endlessly joked about, especially around the holidays), but other immigrant
groups quickly caught on to the merits of chop suey, too. As Dawn Bohulano
Mabalon writes in the recent volume Eating Asian America: A Food Studies
, for Filipinas/os of her parents’ generation, “going out for Chinese
food was an important symbol of their Americanization."

Of course, however, the
American Chinese restaurant -- and especially the sprawling chaos of the Chinese
buffet -- has never been an entirely neutral gathering place.  While
immigrants may feel more “American” amid such welcoming environments, more
fully assimilated and aspirationally minded Americans often feel disdain
towards their populist all-inclusiveness. The negative Yelp reviews of Super
China Buffet, marked by their (classist) foodie sensibilities and English
fluency, are decidedly not written by immigrants who go there for
Thanksgiving. As one Asian American woman complains: “The clientele?
 Gypsys, Tramps, and Thieves.  That is all that I will say. more comes to mind..douchebags…I hereby turn in my Asian card

Now, if my dad could write a
Yelp review of Super China Buffet, he would simply say: “Good variety, good
value!”  (Which are pretty much his exact words every time, except in
Korean.)  And while it seems obvious, two separate academic studies of Chinese buffets
(yes they exist, though sadly I couldn’t find any more recent than 2003) indeed
scientifically confirm that these are the two most common reasons why folks
keep returning to these establishments. An interesting sub-point is that people
insist they don’t go to Chinese buffets for an “exotic” dining
experience, which is usually why customers seek out so-called ethnic
restaurants. In fact, according to the 2003 study, this reason ranked dead last
in the survey. 

But maybe it's the very fact that Chinese buffets are
totally not about exoticized “authenticity,” and that the food
is generic, predictable, and stubbornly resistant to culinary innovation, that
make these restaurants so comforting -- and in a way, as American as McDonald's
-- to many immigrant diners.  Added to all this, too, I suspect that the
potentially infinite promise of food is an irresistible draw for those like my
parents who’ve endured wartime poverty and hunger at some point in their
lives.  That’s why I try not to judge -- at least not too much -- when my
folks insist on getting up one more time for that seventh plate of sushi, shrimp, and soft-serve ice cream. (You know what I'm talking about.)

Image credit: Chris Busby at

There may be a high price to
pay for such cheap abundance, though.  Chinese buffet workers, often
undocumented and lacking in the language and legal resources needed to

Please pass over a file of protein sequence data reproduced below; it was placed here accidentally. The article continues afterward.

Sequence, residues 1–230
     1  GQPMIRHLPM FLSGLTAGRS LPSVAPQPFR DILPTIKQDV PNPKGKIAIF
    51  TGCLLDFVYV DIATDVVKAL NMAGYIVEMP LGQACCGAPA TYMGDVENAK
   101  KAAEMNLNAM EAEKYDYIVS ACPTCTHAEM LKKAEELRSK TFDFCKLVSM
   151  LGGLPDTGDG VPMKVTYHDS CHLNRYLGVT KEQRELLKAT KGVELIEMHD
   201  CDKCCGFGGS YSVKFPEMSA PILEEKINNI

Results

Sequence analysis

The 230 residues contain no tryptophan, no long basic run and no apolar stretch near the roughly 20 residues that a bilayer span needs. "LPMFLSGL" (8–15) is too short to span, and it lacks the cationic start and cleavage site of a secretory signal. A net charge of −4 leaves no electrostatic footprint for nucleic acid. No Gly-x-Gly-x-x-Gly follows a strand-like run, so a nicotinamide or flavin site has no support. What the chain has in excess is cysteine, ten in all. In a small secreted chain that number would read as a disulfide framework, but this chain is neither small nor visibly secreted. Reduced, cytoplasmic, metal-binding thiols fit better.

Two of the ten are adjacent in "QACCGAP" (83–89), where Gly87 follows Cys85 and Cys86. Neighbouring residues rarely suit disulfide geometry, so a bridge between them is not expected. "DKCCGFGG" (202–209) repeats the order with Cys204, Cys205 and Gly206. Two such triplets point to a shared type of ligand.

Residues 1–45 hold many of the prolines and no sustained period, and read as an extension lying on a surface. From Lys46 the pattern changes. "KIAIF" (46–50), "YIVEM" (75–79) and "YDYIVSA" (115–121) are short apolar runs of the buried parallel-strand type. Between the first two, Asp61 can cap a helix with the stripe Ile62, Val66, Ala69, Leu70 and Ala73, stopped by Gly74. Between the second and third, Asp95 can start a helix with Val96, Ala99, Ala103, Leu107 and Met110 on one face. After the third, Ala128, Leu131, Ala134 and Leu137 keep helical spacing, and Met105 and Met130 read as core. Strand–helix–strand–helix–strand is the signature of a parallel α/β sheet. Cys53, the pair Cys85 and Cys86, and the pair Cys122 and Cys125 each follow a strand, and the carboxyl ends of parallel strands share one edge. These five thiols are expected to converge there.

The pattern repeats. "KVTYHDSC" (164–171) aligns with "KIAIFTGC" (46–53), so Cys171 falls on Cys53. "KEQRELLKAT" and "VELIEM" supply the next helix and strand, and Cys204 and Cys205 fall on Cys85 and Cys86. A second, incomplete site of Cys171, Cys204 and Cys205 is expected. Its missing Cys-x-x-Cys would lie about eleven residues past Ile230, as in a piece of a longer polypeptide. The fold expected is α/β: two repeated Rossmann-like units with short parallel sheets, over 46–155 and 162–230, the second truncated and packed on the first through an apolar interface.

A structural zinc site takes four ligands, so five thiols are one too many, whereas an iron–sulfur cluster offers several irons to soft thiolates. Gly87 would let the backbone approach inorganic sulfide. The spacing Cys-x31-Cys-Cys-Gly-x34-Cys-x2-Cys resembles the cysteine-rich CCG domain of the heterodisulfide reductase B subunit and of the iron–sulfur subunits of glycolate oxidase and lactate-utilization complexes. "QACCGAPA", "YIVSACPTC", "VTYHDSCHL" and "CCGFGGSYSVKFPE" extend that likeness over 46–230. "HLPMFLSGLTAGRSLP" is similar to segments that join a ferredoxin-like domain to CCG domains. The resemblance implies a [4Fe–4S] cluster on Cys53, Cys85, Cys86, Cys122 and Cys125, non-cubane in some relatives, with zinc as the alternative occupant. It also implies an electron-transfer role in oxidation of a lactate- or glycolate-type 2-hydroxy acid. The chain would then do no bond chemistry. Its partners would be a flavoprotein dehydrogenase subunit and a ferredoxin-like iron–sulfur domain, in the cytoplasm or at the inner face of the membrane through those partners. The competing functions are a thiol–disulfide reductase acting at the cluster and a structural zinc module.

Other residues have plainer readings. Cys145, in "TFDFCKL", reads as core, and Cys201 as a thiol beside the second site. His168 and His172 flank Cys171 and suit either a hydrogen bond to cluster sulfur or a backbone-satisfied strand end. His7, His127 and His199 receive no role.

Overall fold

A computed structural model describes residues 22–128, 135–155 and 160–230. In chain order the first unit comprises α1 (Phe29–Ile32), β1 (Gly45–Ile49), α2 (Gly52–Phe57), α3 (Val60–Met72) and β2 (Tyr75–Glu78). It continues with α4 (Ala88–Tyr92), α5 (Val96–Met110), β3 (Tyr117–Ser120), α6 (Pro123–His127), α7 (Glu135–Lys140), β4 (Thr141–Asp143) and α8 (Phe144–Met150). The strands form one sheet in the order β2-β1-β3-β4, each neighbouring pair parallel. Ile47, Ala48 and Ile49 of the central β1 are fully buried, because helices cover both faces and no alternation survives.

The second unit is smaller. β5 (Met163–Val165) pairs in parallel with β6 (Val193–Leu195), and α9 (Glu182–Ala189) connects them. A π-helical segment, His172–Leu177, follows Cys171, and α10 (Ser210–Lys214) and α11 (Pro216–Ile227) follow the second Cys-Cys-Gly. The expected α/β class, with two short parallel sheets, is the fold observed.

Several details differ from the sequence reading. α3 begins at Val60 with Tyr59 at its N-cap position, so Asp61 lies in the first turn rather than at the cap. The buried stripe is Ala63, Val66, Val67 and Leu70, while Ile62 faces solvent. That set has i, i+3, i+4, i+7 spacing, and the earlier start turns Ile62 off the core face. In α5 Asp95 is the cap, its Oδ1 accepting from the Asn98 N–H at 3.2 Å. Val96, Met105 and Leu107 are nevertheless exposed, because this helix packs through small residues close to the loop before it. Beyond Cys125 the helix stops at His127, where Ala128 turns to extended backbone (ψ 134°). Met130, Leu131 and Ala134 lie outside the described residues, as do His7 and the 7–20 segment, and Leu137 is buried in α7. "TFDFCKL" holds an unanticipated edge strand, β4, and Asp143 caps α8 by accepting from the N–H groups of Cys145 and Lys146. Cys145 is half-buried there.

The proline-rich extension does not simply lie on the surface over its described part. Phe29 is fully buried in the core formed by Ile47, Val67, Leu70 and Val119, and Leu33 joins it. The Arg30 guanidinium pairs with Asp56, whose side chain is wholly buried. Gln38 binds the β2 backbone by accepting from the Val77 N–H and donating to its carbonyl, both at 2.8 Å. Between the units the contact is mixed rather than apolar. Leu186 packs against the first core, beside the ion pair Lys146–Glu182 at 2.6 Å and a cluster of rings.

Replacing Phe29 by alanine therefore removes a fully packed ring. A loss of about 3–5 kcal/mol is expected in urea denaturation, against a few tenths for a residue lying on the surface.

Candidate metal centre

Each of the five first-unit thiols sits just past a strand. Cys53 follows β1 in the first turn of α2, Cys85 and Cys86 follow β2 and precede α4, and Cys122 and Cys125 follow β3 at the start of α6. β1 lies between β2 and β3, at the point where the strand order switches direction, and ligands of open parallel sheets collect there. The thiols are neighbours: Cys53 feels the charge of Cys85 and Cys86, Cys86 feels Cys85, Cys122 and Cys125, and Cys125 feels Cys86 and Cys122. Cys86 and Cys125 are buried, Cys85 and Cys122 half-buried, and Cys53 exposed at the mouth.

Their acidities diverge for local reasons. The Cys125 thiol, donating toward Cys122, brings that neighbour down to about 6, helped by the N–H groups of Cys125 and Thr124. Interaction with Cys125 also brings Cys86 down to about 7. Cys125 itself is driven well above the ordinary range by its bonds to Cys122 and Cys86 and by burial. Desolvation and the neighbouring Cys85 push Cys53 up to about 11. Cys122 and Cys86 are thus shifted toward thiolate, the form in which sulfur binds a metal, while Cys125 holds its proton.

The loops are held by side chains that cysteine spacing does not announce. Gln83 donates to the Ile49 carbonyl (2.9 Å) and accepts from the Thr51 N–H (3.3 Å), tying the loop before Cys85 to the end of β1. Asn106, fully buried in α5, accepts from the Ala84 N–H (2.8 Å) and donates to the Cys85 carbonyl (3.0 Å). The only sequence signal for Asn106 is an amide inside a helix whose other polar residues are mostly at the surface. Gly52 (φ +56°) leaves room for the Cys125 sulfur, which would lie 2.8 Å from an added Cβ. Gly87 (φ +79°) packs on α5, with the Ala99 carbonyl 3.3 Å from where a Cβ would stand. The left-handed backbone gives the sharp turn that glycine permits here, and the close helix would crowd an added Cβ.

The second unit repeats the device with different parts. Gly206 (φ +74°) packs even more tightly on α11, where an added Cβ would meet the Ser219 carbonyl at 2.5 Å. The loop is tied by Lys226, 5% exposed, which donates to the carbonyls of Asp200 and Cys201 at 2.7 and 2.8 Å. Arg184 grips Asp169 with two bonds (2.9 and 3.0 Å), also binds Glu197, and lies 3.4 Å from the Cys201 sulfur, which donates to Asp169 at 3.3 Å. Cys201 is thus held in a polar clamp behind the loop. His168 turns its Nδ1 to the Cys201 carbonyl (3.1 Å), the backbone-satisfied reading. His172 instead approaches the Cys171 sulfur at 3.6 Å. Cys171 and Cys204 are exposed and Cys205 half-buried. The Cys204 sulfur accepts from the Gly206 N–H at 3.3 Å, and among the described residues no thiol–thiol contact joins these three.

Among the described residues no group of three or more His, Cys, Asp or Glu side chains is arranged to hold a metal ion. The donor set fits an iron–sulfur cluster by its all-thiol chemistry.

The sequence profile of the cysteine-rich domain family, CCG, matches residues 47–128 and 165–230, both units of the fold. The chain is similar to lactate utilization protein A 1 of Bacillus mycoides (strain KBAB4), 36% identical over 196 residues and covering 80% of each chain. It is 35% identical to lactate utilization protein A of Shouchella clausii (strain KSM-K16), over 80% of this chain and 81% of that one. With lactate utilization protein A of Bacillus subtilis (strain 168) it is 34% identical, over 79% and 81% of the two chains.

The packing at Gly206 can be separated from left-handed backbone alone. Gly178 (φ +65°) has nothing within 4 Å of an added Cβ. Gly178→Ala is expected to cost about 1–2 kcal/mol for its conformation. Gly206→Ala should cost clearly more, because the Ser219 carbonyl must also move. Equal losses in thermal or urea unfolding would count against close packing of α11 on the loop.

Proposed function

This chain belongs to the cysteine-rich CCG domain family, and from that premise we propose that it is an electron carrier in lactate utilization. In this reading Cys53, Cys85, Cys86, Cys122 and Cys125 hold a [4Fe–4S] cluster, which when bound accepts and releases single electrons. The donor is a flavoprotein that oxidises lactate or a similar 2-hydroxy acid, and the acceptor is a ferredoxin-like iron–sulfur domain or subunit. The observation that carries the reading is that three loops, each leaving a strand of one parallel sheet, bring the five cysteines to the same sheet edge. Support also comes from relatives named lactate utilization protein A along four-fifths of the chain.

challenge unfair labor practices, are frequently the biggest victims of the
low-cost Chinese buffet system.  Many stories of exploitation of Chinese buffet workers across the
US have been reported in the past decade, including in Chicago, where the owners of fourteen Chinese
buffets were sued in 2002 by the U.S. and Illinois Departments of Labor for
$1.5 million in unpaid back wages to their employees.  In a horrific recent case in Countryside, Florida,
the owners of a popular buffet restaurant were sentenced for “harboring,
transporting, and exploiting illegal aliens” following a two-year investigation
by Homeland Security that found the restaurant's twenty-seven employees living
together in three cramped apartment units and working eighteen hour days, six
days a week at a rate of $3 an hour.

But the fact that such cases
are coming to light, together with this year’s closing of the popular Saigon Grill
takeout restaurant in New York, the result of a years-long legal and financial
battle that began in 2007 with its delivery workers going on strike, offers
both a cautionary tale for Asian restaurant owners and encouragement for
immigrant restaurant workers everywhere. Perhaps, then, the huge Chinese buffet
industry offers the potential to foreground yet another transformational
American narrative -- the ongoing story of restaurant workers claiming
their rightful place, through collective bargaining and legal action, in the
mainstream economy of America.

At present, the
all-you-can-eat Chinese buffet is an all-American institution in the
consumer-driven mold of Walmart, offering low prices and a huge variety to
appeal to the greatest number of people.  (Oh yes, and both tend to be open on Thanksgiving.) But it's only when all of
its workers are paid and treated fairly that Chinese buffet restaurants will really
start resembling the American dream, both behind and in front of the glittering
buffet aisles.